On October 29, 2015, the Belgian Constitutional Council rejected the annulment appeal of the law of February 28, 2014 which authorizes the euthanasia of minors. The appeal was filed at the issue of the vote by the associations Jurivie, Pro Vita and ‘Youth for Live’ as well as two individuals. The 153/2015 judgment does not invalidate the contested law: “The law of May 28, 2002, as amended by the law which is being attacked, is founded on a fair balance on the one hand, between the right for each person to choose to put an end to his life to avoid an undignified and painful ending, which derives from the right to respect for private life, and on the other hand, the right of minors for measures aiming to prevent abuses such as the practice of euthanasia, deriving from the right to life and physical integrity.”
Nevertheless with this judgment, the Constitutional Court reinforced the procedure to make sure that the minor is able to exercise good judgment. The law provides that the doctor who receives a euthanasia request for a minor should “consult a child psychiatrist or a psychologist” who “is informed of the medical file, examines the patient, insures that the minor is able to exercise good judgment, and gives an attestation of it in writing”. From now on the report of the specialist consulted must be restrictive, and the latter must be independent of the minor’s general practitioner and of the family members.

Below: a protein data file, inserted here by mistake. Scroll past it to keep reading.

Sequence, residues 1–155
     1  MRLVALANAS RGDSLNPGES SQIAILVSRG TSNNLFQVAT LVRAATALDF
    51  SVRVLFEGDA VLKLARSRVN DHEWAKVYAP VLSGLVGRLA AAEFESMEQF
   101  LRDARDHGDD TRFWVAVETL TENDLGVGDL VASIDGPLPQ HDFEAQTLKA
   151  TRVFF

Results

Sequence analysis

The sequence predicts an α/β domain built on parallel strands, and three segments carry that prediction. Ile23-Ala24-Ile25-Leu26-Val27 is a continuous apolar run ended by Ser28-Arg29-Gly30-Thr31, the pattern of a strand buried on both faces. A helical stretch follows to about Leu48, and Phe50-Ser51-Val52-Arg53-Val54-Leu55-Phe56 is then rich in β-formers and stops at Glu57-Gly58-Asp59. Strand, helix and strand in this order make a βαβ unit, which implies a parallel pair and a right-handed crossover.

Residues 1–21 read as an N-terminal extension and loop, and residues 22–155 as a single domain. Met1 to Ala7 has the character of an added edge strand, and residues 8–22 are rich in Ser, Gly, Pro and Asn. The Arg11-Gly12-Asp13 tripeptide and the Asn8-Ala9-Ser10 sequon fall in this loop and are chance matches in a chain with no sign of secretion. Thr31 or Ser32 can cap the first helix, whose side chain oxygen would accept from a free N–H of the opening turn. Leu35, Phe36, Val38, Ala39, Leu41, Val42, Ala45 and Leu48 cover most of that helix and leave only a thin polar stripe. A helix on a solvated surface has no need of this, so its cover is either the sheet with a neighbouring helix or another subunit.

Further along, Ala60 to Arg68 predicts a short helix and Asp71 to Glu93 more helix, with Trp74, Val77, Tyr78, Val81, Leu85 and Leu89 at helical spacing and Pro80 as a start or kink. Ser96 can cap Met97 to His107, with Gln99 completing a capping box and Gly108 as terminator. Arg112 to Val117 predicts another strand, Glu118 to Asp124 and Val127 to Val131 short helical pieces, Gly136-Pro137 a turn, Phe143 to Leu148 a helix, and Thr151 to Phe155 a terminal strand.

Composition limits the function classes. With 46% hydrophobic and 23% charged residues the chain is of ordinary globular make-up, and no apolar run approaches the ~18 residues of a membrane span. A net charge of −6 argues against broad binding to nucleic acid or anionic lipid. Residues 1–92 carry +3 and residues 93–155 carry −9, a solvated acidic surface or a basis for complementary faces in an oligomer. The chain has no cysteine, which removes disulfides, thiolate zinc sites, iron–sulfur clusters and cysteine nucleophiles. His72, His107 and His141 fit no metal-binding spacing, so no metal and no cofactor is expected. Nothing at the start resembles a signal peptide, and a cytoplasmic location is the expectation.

These new specifications demonstrate that the system implemented has serious weak points, even though Belgium has been much criticized for this law. Belgian pediatricians, but also international specialists in palliative care, as well as citizen groups had demonstrated against this very controversial law. In the final declaration at the first international Congress for pediatric palliative care in February 2014, experts from 35 countries called “for the Belgian government to urgently reconsider its recent decision” (…). We believe that euthanasia has no part in pediatric palliative therapy and does not constitute an alternative”.
This decision from the Constitutional Counsel comes while the professionals are worried about the lack of means for pediatric palliative care in Belgium.